Comcast and Time Warner Cable are preparing to meet with Justice Department officials this week to discuss competition concerns over their planned $45 billion merger, a source familiar with the situation confirmed to CNBC.
The meeting Wednesday, first reported by The Wall Street Journal, would aim to negotiate possible concessions addressing those concerns. The paper said it would be the first time the two cable giants have met with regulators since announcing their proposed deal a year ago.
Staffers at the Justice Department and the Federal Communications Commission remain concerned the combined company would have too much power in the Internet broadband market, and would have unfair competitive leverage against TV channel owners and businesses offering online video programming, the Journal said.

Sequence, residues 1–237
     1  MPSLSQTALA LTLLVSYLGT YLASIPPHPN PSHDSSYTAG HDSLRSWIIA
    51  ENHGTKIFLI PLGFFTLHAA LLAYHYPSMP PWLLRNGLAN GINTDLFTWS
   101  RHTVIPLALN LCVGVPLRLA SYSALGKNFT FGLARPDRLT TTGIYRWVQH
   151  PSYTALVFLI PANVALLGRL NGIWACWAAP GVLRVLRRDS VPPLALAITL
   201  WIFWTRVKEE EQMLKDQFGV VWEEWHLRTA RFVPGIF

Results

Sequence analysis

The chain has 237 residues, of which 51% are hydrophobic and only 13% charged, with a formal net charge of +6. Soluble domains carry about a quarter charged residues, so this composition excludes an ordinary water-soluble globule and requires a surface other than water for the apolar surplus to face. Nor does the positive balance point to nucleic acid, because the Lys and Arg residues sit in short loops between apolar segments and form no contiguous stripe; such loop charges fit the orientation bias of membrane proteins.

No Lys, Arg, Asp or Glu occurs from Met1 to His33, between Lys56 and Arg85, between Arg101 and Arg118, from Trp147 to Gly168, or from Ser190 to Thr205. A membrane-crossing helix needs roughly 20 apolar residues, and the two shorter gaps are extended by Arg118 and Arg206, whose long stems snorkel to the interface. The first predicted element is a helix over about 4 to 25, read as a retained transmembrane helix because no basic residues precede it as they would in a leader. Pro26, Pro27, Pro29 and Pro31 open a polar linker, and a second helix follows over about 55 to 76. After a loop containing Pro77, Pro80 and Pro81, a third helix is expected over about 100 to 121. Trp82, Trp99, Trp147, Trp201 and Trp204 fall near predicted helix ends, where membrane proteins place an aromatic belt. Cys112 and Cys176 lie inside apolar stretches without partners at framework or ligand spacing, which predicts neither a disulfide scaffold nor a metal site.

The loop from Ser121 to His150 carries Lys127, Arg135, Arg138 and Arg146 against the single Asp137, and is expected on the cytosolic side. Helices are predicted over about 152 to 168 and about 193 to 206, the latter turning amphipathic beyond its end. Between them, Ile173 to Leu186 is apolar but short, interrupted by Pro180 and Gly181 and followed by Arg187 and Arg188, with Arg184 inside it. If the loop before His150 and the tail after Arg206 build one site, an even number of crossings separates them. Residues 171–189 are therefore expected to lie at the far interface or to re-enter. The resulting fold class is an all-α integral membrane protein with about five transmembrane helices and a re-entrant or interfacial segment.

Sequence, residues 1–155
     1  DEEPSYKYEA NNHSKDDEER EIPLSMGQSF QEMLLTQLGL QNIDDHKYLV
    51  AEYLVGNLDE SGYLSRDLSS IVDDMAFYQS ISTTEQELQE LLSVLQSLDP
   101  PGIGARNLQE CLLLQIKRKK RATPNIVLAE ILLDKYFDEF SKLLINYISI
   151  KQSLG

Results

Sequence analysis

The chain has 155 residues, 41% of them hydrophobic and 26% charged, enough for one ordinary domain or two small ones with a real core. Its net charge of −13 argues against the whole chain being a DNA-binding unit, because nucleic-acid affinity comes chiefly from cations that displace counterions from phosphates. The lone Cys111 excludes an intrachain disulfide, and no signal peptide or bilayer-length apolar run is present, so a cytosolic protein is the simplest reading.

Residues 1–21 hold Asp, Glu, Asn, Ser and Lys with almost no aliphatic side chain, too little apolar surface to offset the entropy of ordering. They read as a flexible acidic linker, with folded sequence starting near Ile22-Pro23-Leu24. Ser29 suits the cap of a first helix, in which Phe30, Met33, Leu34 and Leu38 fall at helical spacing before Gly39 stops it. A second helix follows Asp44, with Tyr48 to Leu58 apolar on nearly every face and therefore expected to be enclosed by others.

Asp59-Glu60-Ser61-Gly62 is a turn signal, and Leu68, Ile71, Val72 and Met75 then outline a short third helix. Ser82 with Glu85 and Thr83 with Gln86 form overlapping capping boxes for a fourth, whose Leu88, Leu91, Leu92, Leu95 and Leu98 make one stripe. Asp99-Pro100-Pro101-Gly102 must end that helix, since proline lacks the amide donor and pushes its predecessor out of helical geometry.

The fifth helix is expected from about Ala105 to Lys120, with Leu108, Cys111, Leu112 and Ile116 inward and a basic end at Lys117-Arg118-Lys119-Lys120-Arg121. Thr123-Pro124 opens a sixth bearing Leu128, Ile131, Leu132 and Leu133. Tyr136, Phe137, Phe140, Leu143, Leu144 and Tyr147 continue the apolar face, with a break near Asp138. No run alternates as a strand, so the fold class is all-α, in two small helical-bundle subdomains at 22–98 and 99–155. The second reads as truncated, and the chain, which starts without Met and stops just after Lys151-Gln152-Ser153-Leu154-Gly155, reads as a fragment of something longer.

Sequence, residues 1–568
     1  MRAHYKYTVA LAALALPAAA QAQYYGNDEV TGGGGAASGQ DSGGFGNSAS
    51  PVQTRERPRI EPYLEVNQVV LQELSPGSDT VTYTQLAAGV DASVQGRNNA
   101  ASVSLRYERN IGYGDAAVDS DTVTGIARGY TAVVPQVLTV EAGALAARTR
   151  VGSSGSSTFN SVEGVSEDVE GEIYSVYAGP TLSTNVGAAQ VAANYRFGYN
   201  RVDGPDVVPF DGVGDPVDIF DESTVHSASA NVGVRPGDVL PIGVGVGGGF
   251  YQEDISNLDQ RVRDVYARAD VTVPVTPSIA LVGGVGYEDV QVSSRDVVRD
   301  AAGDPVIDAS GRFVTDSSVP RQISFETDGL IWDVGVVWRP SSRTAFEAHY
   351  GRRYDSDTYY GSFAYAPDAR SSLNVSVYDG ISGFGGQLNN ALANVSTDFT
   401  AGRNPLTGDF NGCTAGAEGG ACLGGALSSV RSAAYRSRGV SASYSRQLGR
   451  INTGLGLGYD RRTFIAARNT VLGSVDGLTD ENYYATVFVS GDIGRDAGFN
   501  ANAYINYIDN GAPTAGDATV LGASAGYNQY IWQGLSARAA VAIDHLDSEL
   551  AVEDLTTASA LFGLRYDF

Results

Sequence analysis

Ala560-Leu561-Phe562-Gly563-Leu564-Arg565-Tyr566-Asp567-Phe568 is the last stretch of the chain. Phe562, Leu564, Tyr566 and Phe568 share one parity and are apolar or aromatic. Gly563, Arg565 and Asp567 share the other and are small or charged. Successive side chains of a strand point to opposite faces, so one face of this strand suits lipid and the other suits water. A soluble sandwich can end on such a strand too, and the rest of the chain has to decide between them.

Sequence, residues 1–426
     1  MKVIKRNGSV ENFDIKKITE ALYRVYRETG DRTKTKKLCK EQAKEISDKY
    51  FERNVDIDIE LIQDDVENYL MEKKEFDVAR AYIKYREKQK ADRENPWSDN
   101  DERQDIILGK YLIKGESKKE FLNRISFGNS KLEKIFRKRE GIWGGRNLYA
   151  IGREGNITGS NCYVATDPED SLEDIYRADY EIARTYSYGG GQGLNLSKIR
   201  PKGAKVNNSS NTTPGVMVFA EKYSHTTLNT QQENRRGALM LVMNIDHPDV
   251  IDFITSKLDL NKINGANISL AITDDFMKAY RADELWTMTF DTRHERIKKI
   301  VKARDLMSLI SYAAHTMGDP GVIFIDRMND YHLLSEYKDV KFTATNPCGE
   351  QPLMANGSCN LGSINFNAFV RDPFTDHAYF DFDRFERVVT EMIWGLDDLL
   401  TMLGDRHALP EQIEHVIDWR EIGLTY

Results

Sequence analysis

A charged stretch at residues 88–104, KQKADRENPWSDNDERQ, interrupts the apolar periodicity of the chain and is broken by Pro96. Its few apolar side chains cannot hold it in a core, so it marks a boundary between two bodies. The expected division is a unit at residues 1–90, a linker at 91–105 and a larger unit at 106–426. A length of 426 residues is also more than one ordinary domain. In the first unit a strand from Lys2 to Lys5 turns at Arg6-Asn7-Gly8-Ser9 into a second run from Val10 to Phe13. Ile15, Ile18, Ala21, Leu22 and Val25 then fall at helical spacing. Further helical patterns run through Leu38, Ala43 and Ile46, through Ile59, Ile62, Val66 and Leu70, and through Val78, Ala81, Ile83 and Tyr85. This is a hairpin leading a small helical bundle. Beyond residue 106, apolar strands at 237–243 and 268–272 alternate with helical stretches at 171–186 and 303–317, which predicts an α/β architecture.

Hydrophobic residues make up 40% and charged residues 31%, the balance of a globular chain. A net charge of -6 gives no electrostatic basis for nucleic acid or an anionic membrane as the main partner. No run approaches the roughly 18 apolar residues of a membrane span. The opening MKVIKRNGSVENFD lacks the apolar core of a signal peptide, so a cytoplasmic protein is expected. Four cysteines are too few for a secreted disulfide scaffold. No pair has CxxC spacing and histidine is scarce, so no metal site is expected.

"It's not the total number of broadband subscribers, which is a problem for the government. ... [It's] control of the most important markets," BTIG media and technology analyst Richard Greenfield said Monday.
"The government is going to want something very substantial to approve," he said in an interview on CNBC's "Squawk Box," speculating about a possible demand to divest the New York and Los Angeles markets, "which is the whole point of the transaction."
"Remember [there's] no breakup fee. So Comcast could walk," said Greenfield, but added that Comcast won't sit still. "What are they going to buy if they don't buy this? Do they go wireless? Do they go Europe? Do they go in enterprise? Comcast is not going to just sit around."
Comcast owns NBCUniversal, parent company of CNBC.
Representatives of Comcast and Time Warner Cable and the Justice Department did not immediately respond to requests for comment.